Politics resumes in wake of terror in London
The stakes could not be higher, the mix more febrile. A UK election campaign in its final days. The third UK terrorist attack in three months. Which party is catching the mood of the nation?
22:07. The area to the south of London Bridge is a hub of joy and merriment. Pubs and restaurants are full and noisy. A normal Saturday night in the British capital.
22:16. Three terrorists are shot dead by police. In between, eight minutes of death, mayhem, gunfire and terror.
London was under attack. A van drove over London Bridge, hitting pedestrians at 50mph. When it crashed, out jumped three knife-wielding attackers.
They started attacking people and headed to nearby Borough Market. Witnesses reported how they stabbed people in pubs and restaurants in the market, shouting “This is for Allah”.
One man told how people launched chairs and pint glasses at the three men as they attempted to enter a pub.
One off-duty policeman attempted to tackle all three assailants. He is now in hospital and in a stable condition. The attackers were shot dead by armed officers outside The Wheatsheaf pub.
Seven people were killed and 48 injured. At the time of going to press, most have not been named.
Police and intelligence services worked overnight to unpick what happened. Yesterday morning, police raided a flat in Barking, East London, making 12 arrests.
Speaking on the steps of 10 Downing Street Theresa May said that “things need to change”. The major parties have suspended national election campaigning. The vote on Thursday will not be postponed.
The attack took place during the Islamic holy month of Ramadan. At the start of the month, ISIS’s leader Abu Bakr al-Baghdadi exhorted his followers to “turn the nights of the unbelievers into days, to wreck havoc in their land and make their blood flow as rivers”.
There are around 3,000 known jihadists in Britain, many of whom have returned from fighting with ISIS. A further 20,000 individuals pose a “residual risk”.
The security services are constantly working to disrupt their plans; but the low-tech nature of many of these attacks makes it almost impossible to stop them all.
How to react? The main rivals in the current general election yesterday had a different focus.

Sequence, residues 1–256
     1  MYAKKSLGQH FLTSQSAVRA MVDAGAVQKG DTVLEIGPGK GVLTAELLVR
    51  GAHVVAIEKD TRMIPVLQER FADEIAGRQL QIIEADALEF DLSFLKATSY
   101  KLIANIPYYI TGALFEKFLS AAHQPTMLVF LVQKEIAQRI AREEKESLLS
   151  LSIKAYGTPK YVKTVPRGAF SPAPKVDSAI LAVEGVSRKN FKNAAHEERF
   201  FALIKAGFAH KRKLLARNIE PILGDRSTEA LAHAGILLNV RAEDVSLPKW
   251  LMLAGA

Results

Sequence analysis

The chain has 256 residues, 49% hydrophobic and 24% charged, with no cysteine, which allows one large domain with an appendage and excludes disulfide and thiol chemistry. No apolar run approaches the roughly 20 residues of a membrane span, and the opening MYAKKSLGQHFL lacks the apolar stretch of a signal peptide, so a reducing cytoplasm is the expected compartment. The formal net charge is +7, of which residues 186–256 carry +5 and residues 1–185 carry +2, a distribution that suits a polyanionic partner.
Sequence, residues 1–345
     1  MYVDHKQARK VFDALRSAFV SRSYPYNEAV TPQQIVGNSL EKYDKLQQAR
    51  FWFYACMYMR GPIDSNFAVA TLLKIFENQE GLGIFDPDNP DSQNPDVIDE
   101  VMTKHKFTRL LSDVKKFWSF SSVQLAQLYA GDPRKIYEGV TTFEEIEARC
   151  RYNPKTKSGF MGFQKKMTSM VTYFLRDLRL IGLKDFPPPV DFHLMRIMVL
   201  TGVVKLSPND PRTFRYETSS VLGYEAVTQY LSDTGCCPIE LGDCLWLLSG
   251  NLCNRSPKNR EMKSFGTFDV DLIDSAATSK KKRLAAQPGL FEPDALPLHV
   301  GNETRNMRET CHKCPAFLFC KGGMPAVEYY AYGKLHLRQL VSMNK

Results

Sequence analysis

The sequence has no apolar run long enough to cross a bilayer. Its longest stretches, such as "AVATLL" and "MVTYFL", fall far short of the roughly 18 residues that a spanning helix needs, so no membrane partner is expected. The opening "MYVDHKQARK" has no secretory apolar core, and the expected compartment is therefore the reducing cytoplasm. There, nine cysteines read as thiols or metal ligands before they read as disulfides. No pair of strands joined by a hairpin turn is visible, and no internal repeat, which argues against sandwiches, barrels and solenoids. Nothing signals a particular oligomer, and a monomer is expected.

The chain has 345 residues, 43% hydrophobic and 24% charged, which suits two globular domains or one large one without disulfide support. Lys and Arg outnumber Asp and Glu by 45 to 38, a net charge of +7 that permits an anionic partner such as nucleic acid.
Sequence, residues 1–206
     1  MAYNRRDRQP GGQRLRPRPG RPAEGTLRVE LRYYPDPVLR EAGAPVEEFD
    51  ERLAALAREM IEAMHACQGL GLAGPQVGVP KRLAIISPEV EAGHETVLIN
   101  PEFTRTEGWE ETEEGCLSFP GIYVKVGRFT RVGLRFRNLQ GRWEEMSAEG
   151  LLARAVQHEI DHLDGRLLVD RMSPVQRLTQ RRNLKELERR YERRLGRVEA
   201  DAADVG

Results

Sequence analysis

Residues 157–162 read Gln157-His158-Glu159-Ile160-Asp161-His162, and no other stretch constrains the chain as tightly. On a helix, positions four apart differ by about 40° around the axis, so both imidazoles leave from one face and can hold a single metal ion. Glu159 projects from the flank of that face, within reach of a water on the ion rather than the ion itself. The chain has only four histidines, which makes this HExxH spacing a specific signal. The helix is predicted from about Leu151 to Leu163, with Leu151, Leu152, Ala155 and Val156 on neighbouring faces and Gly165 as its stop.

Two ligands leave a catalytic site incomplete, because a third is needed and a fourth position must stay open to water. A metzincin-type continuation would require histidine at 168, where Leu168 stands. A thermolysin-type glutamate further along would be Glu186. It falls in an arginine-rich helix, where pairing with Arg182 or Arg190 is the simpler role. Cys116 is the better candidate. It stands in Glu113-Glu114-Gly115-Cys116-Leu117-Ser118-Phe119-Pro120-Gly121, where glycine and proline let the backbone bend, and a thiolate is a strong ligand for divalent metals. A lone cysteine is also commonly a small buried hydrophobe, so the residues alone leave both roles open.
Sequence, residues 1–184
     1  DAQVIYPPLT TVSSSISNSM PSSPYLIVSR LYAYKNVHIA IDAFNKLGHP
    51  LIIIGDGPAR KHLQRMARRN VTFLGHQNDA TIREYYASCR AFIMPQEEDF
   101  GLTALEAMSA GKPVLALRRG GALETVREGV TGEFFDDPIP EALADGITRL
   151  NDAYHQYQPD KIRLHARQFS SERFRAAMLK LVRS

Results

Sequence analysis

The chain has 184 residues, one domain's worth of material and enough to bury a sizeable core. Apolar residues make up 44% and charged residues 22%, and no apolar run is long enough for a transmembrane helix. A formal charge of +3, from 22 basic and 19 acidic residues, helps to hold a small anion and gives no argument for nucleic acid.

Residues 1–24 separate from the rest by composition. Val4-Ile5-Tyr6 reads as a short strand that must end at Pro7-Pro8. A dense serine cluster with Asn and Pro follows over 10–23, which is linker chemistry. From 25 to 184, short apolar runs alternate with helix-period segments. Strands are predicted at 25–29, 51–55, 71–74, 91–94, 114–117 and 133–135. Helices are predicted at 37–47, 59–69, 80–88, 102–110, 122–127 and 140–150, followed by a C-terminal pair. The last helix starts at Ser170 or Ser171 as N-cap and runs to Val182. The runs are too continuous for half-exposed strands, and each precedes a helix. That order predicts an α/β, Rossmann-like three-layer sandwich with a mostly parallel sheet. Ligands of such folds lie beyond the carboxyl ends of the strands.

A question of emphasis
For Theresa May, prime minister and leader of the Conservative Party, it was the “evil ideology of Islamic extremism”. Watched by millions all over the world on the steps of 10 Downing Street she said “defeating this ideology is one of the great challenges of our time”.
For Jeremy Corbyn, leader of the Labour Party, it was resources. As soon as campaigning was resumed at 7pm last night he said: “You cannot protect the public on the cheap. The police and security services must get the resources they need, not 20,000 police cuts. Theresa May was warned by the Police Federation but she accused them of crying wolf.”
- Is this essentially about police resources?
- Will the conflict with Islamist terrorism ever be resolved?
- Write down what you believe to be the three most important reasons these terrorist attacks happen. Explain your choices.
- The second link in Become An Expert includes Theresa May’s four-point plan to deal with the threat of Islamist terrorism. Write a 500 word analysis on the effect you expect it to have.
Some People Say...
“We harbour those who hate us, tolerate those who threaten us and indulge those who weaken us.”Margaret Thatcher, shortly after 9/11.
What do you think?
Q & A
- What do we know?
- At the time of publishing, we know that three men were involved in a terrorist attack that took place on London Bridge and at Borough Market on Saturday night. Seven people have died, as well as the three attackers, while 48 are injured, 21 critically. This is the third terrorist attack in the UK In 2017, following the attack outside the Houses of Parliament in March and the suicide bombing at the Manchester Arena last Monday.
- What do we not know?
- We do not know whether the attackers were acting alone, or whether they were part of a larger network. It has not yet been confirmed whether they were known to the security services. We do not know whether this will affect the outcome of the general election, and if it does, who it would benefit.
- London Bridge
- London Bridge is one of the city’s oldest bridges, dividing the borough of Southwark from the City of London — the financial centre. It is also the name of a major railway station that connects London with Kent and Sussex. The area is known for its pubs, restaurants and nightlife and is overlooked by The Shard — Western Europe’s tallest building.
- Police officers fired 50 rounds at the attackers — an unprecedented number, according to the Metropolitan Police. The attackers were wearing fake suicide vests in an attempt to create greater fear.
- East Ham and Barking
- The stretch of East London from the edges of the City of London out to Barking is one of the most heavily Muslim populated areas of Britain.
- Major parties
- UKIP was the one exception, with the party’s leader Paul Nuttall saying he would “refuse to suspend campaigning because that is precisely what the extremists would want us to do”.
- Ramadan this year started on May 26th and will end on June 24th. During Ramadan, adult Muslims are required not to eat, drink or smoke from dawn until dusk.